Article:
Planning for Ethnic Tourism: Case Studies from Xishuangbanna, Yunnan, China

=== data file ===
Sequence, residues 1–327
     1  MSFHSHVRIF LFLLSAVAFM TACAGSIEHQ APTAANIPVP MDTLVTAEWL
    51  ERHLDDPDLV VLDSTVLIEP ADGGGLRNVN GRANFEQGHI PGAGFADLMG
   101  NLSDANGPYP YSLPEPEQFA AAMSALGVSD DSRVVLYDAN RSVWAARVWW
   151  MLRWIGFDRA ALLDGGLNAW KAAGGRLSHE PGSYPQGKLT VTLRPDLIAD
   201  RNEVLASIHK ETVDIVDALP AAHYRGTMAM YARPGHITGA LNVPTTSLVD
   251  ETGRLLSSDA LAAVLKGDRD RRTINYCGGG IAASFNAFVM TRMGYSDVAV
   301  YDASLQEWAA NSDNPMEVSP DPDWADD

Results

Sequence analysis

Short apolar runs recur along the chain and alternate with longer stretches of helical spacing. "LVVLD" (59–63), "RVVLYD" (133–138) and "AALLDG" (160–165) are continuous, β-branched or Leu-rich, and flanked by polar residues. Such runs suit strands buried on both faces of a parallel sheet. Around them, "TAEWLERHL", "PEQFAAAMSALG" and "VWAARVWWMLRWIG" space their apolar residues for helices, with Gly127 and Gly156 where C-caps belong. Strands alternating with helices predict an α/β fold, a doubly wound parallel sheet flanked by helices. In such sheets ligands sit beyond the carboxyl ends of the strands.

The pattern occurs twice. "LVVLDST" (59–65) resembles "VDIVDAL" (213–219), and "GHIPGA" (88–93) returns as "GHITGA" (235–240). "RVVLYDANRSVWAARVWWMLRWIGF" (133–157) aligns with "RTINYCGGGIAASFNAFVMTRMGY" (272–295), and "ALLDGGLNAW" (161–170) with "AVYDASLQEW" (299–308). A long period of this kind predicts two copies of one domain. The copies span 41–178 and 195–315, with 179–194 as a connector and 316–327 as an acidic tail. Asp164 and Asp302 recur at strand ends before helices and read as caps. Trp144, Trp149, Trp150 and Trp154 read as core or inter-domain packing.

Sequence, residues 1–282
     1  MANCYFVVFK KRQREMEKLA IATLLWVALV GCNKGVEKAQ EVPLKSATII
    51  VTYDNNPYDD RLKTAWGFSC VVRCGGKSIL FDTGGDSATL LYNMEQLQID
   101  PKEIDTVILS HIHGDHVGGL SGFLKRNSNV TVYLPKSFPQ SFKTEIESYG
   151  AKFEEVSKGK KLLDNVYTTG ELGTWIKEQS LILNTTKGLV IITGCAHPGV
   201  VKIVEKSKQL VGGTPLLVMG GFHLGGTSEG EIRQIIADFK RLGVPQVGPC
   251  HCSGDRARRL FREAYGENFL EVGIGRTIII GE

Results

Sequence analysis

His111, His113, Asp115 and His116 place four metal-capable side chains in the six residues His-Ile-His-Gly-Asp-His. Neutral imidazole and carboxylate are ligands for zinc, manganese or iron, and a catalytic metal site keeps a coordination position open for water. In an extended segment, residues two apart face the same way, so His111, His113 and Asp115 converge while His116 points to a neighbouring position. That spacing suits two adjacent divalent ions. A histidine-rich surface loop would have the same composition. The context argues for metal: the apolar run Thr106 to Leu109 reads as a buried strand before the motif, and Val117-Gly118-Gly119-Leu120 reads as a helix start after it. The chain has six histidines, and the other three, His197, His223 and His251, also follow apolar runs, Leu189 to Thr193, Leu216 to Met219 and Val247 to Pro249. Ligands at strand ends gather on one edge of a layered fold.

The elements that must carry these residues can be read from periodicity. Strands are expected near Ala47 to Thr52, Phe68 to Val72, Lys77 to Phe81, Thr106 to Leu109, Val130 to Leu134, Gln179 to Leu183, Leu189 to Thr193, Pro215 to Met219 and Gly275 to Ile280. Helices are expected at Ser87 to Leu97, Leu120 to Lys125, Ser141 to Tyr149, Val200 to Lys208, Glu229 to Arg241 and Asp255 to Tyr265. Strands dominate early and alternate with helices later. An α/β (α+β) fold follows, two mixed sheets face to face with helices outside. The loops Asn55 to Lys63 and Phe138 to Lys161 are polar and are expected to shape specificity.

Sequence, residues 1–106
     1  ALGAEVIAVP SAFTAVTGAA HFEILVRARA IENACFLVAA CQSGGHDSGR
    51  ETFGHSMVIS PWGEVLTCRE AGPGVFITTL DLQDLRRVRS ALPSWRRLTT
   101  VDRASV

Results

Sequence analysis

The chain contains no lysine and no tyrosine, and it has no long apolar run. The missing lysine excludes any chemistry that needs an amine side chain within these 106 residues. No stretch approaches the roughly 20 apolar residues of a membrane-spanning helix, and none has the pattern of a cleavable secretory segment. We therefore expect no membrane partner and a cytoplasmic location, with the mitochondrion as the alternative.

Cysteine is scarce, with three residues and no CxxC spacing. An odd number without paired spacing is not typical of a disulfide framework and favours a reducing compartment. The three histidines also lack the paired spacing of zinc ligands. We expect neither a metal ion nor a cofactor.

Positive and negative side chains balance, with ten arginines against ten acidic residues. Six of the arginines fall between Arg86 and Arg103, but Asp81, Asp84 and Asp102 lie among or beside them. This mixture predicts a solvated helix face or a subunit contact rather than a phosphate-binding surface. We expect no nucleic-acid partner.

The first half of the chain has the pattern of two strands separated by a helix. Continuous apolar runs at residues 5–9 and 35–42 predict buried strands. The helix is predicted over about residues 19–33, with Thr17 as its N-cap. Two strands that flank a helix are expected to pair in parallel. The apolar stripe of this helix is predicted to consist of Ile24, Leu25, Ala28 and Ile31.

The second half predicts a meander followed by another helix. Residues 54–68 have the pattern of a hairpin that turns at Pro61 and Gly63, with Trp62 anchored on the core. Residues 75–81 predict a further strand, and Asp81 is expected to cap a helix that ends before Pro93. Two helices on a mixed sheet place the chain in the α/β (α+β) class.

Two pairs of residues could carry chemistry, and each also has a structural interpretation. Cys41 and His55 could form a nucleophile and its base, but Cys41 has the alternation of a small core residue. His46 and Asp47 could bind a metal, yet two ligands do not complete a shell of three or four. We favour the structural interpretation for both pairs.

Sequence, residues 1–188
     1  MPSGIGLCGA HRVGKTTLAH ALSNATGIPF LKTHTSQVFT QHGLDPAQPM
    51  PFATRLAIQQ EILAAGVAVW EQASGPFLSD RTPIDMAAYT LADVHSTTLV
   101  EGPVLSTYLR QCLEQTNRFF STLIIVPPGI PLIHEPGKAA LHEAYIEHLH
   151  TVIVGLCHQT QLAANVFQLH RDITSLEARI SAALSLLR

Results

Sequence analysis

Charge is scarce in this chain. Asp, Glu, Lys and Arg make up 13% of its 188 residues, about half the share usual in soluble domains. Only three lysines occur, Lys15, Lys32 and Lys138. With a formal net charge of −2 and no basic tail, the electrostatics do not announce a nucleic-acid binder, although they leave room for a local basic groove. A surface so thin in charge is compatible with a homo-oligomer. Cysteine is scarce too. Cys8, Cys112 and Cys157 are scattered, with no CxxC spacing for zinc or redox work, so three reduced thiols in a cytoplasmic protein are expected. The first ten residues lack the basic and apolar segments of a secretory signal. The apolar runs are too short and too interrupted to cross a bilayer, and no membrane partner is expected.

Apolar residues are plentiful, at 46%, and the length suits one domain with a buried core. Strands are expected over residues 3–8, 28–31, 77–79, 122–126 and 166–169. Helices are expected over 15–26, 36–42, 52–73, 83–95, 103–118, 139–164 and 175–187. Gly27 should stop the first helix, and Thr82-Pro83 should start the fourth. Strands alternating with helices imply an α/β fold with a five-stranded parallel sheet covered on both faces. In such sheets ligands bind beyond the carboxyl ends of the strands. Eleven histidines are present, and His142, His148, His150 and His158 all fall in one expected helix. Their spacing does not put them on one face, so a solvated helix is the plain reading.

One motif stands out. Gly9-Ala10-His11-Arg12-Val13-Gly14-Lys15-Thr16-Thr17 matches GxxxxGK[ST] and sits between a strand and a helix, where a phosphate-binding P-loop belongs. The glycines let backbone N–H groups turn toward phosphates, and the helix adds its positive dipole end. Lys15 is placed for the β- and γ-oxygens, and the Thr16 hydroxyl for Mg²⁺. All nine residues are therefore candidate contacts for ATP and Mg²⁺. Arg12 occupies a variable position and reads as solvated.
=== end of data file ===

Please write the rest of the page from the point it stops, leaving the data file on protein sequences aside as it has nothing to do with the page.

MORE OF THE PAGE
Ethnic tourism has emerged as a means that is employed by many countries to facilitate economic and cultural development and to assist in the preservation of ethnic heritage. However, while ethnic tourism has the potential to bring economic and social benefits it can also significantly impact traditional cultures, ways of life and the sense of identity of ethnic groups. There is growing concern in many places about how to balance the use of ethnicity as a tourist attraction with the protection of minority cultures and the promotion of ethnic pride. Despite the fact that a substantial literature is devoted to the impacts of ethnic tourism, little research has been done on how to plan ethnic tourism attractions or to manage community impacts of tourism. This research addresses the need for more research on planning for ethnic tourism by exploring the status and enhancement of planning strategies for ethnic tourism development. Drawing upon existing literature, a conceptual framework was developed and adopted to study ethnic tourism in a well-known ethnic tourist destination in China – Xishuangbanna, Yunnan. The research analyzes how ethnic tourism has been planned and developed at the study site and examines associated socio-cultural and planning issues. The framework is employed to compare and evaluate the perspectives of four key stakeholder groups (the government, tourism entrepreneurs, ethnic minorities and tourists) on ethnic tourism through on-site observation, interviews with government officials, planners and tourism entrepreneurs, surveys of tourists and ethnic minority people, and evaluation of government policies, plans and statistics. Economic advantages have been a driving force in ethnic tourism development. The government and tourism entrepreneurs are the main powers in developing ethnic tourism, but most of them are not ethnic members. Their administrative and commercial involvement in tourism strongly shapes the ways of staging, packaging and representing ethnic culture in tourism sites. Authenticity of attractions is not determined by the resource providers, the ethnic minorities, but is shaped by decisions of government and entrepreneurs. The commodification of ethnic culture and the production of cultural events and other tourist products are manipulated to fit the interests of business and political mandates. Minority people are usually marginalized or disadvantaged economically and politically because they have limited control over tourism resources and activities. Most minority people employed in tourism hold only low-paying jobs. The findings show that the production and commodification of ethnic culture is often accompanied by tensions among economic, political and cultural goals. Economic motives often outweigh other goals in tourism development. Thus, the balance between the use of tourism as a form of economic development and the preservation of ethnic culture should be addressed in tourism planning. More effective planning is required to mitigate negative impacts and to reinforce the positive aspects of ethnic tourism.